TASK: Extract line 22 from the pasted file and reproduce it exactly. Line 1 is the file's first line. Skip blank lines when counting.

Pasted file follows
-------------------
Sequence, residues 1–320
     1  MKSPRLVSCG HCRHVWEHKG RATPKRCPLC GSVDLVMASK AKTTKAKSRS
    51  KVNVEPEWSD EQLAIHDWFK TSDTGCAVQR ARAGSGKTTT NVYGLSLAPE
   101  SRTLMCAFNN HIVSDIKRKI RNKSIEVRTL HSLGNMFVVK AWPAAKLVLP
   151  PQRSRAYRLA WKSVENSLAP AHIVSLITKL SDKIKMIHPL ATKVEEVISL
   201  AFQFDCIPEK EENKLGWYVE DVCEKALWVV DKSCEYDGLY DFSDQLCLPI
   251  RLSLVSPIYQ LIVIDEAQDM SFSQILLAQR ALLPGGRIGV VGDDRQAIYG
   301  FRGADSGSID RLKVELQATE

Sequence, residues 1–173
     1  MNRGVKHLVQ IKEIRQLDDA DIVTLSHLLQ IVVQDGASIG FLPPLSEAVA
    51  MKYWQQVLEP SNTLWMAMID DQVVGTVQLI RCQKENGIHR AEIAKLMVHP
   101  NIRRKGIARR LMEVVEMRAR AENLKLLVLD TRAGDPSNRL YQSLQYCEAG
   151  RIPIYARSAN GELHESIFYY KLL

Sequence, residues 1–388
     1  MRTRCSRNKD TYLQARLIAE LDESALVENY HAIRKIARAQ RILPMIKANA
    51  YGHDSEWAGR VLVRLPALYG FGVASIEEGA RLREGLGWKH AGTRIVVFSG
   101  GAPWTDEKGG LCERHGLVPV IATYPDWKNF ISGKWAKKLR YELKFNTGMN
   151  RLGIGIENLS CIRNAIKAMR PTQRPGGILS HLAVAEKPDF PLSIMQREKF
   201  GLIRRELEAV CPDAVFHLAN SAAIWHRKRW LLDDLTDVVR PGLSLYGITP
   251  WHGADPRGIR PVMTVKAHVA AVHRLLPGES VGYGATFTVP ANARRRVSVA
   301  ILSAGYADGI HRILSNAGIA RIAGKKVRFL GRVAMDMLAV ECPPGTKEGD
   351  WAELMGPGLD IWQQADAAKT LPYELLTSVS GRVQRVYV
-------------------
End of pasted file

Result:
   351  WAELMGPGLD IWQQADAAKT LPYELLTSVS GRVQRVYV